A book of photographs that combines beauty and horror to make a point

Industrial scars: The environmental cost of consumption

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Published in Climate Action by

At first glance the work of photographer and environmentalist J Henry Fair could easily be mistaken for abstract expressionist paintings. Upon learning the tragic reality behind these mesmerising images though, our sense of awe gets infused with concern and horror, as they reveal the staggering impact of human pollution on our planet.

Although somewhat difficult to recognise we are in fact looking at aerial photographs of industrial landscapes shot from a small airplane. They capture vivid patterns and iridescent colours created by toxic waste, from thick oil spills to dirty coal mining. Fair says he seeks to combine horror and beauty. ‘What I see in these scarred landscapes is both beauty and the complete disregard for nature.’

Fair has been documenting industrial production in aerial photos for roughly twenty years. He compiled some of the most beautifully horrifying depictions of these environmental nightmares into his latest book Industrial Scars, following his first publication The Day After Tomorrow: Images Of Our Earth In Crisis.

Captivating and disturbing

For Industrial Scars Fair worked together with Bill McKibben of 350.org, writer Lewis Smith and industrial historian Matt Kierstead to provide in-depth explanations next to the photographs, describing in detail the development of each industry through time and across the world.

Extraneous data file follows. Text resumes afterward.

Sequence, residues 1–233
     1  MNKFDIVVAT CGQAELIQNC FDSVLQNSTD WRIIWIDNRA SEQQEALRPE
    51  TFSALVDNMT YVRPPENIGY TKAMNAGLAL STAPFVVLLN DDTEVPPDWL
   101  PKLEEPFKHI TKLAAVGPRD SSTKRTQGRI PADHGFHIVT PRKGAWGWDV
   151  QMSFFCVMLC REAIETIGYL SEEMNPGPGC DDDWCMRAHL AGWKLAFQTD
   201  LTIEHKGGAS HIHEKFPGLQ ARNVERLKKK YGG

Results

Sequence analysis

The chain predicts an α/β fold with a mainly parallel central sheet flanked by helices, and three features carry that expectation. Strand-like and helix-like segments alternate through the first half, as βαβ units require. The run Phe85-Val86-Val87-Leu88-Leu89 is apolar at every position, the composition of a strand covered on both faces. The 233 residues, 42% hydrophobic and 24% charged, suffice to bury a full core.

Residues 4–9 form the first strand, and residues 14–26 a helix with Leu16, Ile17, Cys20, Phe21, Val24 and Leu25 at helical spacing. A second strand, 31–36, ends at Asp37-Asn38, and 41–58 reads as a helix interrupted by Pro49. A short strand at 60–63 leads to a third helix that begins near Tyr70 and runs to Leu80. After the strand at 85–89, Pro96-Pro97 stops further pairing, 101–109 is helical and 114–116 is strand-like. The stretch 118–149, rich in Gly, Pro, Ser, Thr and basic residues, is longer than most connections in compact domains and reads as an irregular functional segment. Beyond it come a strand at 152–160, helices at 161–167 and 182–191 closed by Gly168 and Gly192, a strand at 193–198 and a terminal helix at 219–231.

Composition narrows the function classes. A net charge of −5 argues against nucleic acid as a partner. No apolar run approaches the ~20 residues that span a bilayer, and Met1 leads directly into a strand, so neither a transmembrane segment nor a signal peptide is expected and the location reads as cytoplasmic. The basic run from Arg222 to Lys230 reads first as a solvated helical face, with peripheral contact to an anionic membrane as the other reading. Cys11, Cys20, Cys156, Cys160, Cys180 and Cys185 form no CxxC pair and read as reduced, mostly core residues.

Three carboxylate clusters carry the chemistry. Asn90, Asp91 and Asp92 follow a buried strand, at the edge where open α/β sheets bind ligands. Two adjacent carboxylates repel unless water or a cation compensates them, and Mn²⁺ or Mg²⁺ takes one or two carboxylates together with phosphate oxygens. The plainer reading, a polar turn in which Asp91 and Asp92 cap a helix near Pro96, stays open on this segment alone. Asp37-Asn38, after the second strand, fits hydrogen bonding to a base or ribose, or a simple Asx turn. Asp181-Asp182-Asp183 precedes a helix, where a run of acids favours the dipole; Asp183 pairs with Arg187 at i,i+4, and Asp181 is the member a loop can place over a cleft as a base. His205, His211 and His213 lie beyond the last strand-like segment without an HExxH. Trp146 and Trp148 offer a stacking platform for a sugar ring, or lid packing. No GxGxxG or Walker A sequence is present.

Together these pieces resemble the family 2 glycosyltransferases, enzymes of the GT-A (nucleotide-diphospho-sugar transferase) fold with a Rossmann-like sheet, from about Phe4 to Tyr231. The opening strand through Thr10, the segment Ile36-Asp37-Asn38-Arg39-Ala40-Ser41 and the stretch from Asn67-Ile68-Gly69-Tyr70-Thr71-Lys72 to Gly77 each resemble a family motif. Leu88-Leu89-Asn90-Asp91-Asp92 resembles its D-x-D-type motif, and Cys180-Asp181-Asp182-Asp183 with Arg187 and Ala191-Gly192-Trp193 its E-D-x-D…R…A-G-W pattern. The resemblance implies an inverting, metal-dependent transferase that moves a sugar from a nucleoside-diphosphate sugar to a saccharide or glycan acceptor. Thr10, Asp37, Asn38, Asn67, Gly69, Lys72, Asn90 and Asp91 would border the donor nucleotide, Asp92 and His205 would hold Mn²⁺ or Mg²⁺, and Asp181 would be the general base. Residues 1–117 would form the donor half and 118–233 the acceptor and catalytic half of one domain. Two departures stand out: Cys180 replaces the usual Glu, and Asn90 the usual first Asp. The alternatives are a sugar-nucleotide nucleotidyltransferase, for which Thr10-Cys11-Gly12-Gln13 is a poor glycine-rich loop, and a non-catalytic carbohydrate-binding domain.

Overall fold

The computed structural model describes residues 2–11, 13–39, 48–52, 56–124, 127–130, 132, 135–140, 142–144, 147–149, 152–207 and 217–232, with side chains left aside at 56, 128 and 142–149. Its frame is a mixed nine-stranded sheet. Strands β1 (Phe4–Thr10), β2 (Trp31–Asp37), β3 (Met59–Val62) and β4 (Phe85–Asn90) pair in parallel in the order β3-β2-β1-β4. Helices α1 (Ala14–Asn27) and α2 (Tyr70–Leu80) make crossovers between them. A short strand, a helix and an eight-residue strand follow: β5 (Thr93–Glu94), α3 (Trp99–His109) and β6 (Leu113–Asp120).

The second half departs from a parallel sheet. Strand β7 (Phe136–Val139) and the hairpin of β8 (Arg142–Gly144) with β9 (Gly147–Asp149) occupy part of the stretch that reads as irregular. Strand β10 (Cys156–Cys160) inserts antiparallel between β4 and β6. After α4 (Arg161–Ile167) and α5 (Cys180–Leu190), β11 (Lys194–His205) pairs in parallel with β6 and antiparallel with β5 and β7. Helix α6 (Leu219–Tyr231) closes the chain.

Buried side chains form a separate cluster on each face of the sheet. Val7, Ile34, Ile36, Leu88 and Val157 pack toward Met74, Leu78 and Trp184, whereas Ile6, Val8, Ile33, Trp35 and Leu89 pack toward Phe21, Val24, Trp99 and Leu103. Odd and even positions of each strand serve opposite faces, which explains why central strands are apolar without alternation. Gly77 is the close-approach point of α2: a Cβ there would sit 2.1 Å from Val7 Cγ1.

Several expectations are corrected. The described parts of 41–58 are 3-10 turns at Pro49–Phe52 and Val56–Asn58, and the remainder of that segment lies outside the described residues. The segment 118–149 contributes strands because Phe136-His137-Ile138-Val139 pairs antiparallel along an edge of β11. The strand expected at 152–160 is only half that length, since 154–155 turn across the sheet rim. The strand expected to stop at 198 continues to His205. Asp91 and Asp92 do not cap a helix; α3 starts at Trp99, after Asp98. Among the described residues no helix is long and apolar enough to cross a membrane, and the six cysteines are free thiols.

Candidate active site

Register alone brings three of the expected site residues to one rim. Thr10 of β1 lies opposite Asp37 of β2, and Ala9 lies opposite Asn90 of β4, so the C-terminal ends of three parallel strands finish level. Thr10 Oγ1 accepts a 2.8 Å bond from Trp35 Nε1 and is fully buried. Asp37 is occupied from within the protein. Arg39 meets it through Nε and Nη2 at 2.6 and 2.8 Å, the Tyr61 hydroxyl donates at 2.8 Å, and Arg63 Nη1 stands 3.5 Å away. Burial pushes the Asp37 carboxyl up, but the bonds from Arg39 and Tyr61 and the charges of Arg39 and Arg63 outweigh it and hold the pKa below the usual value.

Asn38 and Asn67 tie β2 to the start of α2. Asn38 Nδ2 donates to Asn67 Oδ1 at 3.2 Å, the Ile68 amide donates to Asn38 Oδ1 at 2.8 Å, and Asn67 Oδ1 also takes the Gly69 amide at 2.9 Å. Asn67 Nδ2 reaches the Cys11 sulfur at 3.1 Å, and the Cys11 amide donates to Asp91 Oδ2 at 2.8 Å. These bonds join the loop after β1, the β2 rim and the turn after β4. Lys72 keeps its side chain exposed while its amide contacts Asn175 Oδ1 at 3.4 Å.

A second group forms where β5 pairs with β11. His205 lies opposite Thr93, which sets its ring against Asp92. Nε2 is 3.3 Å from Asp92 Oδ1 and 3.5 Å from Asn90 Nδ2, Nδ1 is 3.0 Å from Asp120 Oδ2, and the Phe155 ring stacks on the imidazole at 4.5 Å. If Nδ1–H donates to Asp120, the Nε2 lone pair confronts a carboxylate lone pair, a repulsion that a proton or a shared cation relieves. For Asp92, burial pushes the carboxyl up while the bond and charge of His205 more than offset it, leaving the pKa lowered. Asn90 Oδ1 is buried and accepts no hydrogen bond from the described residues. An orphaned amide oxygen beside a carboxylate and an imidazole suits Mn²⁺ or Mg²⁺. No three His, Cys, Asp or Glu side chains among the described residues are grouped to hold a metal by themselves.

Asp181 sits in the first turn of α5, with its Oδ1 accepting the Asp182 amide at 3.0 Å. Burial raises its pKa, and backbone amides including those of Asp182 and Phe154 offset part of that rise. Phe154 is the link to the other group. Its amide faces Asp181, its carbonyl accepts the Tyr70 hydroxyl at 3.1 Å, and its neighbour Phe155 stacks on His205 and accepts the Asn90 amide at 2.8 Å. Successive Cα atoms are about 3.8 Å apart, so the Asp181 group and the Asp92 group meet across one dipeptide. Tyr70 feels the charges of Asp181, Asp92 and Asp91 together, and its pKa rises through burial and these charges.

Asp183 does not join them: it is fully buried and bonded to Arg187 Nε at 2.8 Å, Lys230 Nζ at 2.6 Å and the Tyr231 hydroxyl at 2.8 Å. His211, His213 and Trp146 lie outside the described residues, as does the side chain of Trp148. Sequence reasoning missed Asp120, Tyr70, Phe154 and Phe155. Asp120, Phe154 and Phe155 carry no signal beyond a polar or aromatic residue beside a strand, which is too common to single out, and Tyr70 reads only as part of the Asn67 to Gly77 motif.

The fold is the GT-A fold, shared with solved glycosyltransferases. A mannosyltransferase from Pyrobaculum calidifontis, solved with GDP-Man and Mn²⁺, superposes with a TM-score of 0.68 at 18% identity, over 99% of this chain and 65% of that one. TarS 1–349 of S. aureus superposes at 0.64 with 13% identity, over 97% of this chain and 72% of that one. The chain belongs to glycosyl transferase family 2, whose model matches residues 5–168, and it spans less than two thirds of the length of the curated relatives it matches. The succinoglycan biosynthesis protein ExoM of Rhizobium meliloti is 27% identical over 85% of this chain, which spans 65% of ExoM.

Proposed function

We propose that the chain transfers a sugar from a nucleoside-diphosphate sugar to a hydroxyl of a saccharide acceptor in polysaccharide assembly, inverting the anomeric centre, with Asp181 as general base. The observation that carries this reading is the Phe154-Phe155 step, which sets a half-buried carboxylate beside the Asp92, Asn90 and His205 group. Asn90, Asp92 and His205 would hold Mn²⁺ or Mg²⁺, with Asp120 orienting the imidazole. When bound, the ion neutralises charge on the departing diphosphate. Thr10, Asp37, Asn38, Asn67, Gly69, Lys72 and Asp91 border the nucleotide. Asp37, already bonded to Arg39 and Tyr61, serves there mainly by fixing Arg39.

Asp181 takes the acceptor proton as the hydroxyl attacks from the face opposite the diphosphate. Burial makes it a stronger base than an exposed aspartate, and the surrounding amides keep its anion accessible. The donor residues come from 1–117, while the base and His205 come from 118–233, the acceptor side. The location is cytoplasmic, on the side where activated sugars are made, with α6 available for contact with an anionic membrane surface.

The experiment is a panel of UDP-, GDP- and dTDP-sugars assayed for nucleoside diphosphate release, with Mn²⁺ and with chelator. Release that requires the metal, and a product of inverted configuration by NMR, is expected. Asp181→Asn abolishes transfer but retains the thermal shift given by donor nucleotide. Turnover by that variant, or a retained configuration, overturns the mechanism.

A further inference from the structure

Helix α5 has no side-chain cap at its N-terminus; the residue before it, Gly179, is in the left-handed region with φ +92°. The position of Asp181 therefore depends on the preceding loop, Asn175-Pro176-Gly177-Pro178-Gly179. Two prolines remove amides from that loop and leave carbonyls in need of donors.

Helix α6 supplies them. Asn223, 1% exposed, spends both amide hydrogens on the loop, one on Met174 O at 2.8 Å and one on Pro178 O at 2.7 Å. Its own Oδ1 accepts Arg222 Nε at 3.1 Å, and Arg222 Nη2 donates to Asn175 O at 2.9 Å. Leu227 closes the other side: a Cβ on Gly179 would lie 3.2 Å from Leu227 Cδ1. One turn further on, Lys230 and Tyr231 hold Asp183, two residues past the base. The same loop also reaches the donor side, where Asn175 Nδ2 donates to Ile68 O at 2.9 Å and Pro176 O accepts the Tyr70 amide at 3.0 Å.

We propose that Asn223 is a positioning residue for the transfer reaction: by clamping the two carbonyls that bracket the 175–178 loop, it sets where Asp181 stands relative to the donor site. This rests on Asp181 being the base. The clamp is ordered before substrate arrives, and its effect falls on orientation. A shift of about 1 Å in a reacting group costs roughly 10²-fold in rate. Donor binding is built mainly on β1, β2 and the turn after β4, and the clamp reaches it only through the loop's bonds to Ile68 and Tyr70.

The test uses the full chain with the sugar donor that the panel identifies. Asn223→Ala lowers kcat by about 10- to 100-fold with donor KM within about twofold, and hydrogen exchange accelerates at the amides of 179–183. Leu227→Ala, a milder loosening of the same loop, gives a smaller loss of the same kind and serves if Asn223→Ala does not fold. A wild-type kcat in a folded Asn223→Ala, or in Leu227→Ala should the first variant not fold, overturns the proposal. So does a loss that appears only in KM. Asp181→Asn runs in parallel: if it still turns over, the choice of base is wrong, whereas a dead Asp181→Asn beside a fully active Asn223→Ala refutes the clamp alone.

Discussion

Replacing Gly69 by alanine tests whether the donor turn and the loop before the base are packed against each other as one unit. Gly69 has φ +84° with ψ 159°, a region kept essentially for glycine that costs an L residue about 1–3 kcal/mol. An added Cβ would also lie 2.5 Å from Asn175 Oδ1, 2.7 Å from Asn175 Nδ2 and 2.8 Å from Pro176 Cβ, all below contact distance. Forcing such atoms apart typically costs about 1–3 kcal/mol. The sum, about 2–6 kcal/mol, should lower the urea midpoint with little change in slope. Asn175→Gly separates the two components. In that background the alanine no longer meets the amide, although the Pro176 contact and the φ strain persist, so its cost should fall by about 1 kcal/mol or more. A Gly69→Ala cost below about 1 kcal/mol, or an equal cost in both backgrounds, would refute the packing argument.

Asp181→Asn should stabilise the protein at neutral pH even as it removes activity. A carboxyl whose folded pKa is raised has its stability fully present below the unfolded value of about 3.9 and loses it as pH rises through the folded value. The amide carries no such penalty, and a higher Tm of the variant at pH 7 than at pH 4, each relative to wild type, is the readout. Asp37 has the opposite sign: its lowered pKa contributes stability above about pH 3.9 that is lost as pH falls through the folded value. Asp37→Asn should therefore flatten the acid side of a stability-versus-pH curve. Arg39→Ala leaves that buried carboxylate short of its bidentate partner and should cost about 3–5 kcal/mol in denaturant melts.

Captivating and disturbing at the same time, the images make for powerful means to grab our attention and confront us with the environmental impact of our everyday consumption. ‘What we buy doesn’t come with information about the hidden costs: the air that is fouled, the water contaminated, the habitat destroyed, or the workers exploited. But these are real costs that must inevitably be paid, a burden that ultimately falls on all of us. I’m hoping that the pictures will make people stop and ask a question: What is that? If I create this abstract expressionist image, which is arresting, then I can hopefully make people consider it.’

Fair’s work is an excellent example of how the creative community can contribute to help raise awareness regarding climate change, an urgent and therefore chosen theme for the next WDCD challenge: The Climate Action Challenge.

 

Oil – Gulf of Mexico, US

Oil – Gulf of Mexico, US

Aluminium – Gramercy, Louisiana, US

Aluminium – Gramercy, Louisiana, US

Steel – Kiruna, Sweden

Steel – Kiruna, Sweden

Aluminium — Bauxite waste from aluminum production

Aluminium — Bauxite waste from aluminum production

Coal – New Roads, Louisiana, US

Coal – New Roads, Louisiana, US

Copper – Hurley, New Mexico US

Copper – Hurley, New Mexico US

Industrial Scars © 2016 by J Henry Fair

Industrial Scars © 2016 by J Henry Fair

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